Florida health administrators have agreed to settle a long-simmering lawsuit that claims the state’s Medicaid insurance program for needy children is so poorly funded and managed that impoverished youngsters are consigned to a second-rate healthcare system where long waits for access and substandard care are the norm.
A federal court judge in Miami sided with needy children and their doctors in a 153-page ruling in December 2014, saying state lawmakers had so starved the Florida Medicaid program of funding that it was operating in violation of federal law.
In the ensuing months, health administrators — at the urging of U.S. Circuit Judge Adalberto Jordan, who presided over the trial — mediated the dispute with lawyers for the children and the state Pediatric Society. The negotiations yielded a settlement with the heads of the state Department of Health, the Agency for Health Care Administration and the Department of Children & Families, all of whom were parties to the litigation.
Though state leaders had continued the battle even after Jordan’s stunning ruling, healthcare for needy children had become a public relations nightmare for the state. Administrators at the Department of Health last year purged 13,000 children from one of the premier Medicaid plans for youngsters, Children’s Medical Services, and had shuttered CMS offices, including clinics for children with disfigured faces and other disabilities. Public outrage over the cutbacks, and other agency moves, may have cost the health department’s secretary, John Armstrong, Senate confirmation.
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This is a good settlement, and we got more than I thought we would get from the state.
Stuart Singer, lawyer for plaintiffs
The lawsuit was a protracted affair, resulting in a 94-day trial, 13,000 court docket entries and the taking of 135 sworn statements, or depositions. Eagerness to end the campaign appeared to be mutual.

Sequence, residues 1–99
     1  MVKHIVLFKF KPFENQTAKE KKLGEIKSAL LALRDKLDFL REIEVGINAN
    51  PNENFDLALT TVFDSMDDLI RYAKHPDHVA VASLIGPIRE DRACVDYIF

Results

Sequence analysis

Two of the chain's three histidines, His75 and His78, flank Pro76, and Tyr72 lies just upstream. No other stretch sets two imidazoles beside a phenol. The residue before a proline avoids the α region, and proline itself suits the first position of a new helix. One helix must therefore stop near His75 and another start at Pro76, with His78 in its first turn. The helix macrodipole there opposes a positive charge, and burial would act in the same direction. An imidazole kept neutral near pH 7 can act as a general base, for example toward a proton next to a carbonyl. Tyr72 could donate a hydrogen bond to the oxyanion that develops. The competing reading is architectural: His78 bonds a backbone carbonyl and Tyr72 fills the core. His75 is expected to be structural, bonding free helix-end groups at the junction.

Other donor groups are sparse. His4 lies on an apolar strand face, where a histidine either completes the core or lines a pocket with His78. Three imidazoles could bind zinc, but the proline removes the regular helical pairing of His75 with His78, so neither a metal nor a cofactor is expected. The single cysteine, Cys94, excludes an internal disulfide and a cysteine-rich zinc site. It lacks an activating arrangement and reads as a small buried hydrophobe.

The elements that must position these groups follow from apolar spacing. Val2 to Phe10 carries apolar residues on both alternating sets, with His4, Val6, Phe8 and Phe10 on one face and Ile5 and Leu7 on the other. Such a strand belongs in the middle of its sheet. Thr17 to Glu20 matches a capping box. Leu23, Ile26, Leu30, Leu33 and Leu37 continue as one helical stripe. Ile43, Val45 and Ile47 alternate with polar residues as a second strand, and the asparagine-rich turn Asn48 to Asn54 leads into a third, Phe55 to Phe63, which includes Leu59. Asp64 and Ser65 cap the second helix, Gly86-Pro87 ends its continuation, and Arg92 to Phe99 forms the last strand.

In the 29-page agreement, the leaders of three state agencies wrote that they “expressly deny that any of the claims brought by [the children and doctors] have any merit.” Both parties to the suit said they signed off on the settlement “to avoid the uncertain outcome of continued litigation and to provide improvements in the delivery of Medicaid to all eligible Florida children.”
Under the settlement, the healthcare administration, which oversees the Medicaid program, agreed to create “incentives” for the program’s managed care plans to increase the rates paid to most pediatricians and pediatric specialists. For the next three budget years, through at least September 2019, the healthcare agency, or AHCA, will require managed care plans to plow anticipated “program savings” into higher payment rates for primary care doctors who meet the incentives.
Down the road, pediatric specialists — such as surgeons, orthopedists, cardiologists and pulmonologists — could qualify for higher reimbursement, as well, along with dentists, who had flocked from the Medicaid program in droves because they said they lost money for every Medicaid recipient they treated.
The incentives include greater access to medical care by Medicaid recipients and improved “outcomes” for patients.
Doctors who meet certain standards, such as board certification, may be eligible for reimbursement at or near the rates applied to doctors who participate in Medicare, the federal insurer for elders and disabled people that pays doctors substantially more than Medicaid — and enjoys far wider participation as a result. Medicare is administered by the federal government. Medicaid, in contrast, is run by the state, and funded jointly by the state and federal governments.